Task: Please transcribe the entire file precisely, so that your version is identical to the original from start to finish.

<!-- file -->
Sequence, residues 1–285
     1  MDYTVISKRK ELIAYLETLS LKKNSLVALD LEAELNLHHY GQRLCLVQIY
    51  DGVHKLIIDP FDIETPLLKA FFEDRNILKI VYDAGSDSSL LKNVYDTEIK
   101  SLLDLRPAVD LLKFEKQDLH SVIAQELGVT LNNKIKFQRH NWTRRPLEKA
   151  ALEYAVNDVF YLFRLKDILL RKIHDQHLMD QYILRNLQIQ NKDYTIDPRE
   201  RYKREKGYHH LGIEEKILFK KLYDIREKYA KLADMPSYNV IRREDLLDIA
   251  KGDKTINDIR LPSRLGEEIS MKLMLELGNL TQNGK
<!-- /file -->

Sequence, residues 1–285
     1  MDYTVISKRK ELIAYLETLS LKKNSLVALD LEAELNLHHY GQRLCLVQIY
    51  DGVHKLIIDP FDIETPLLKA FFEDRNILKI VYDAGSDSSL LKNVYDTEIK
   101  SLLDLRPAVD LLKFEKQDLH SVIAQELGVT LNNKIKFQRH NWTRRPLEKA
   151  ALEYAVNDVF YLFRLKDILL RKIHDQHLMD QYILRNLQIQ NKDYTIDPRE
   201  RYKREKGYHH LGIEEKILFK KLYDIREKYA KLADMPSYNV IRREDLLDIA
   251  KGDKTINDIR LPSRLGEEIS MKLMLELGNL TQNGK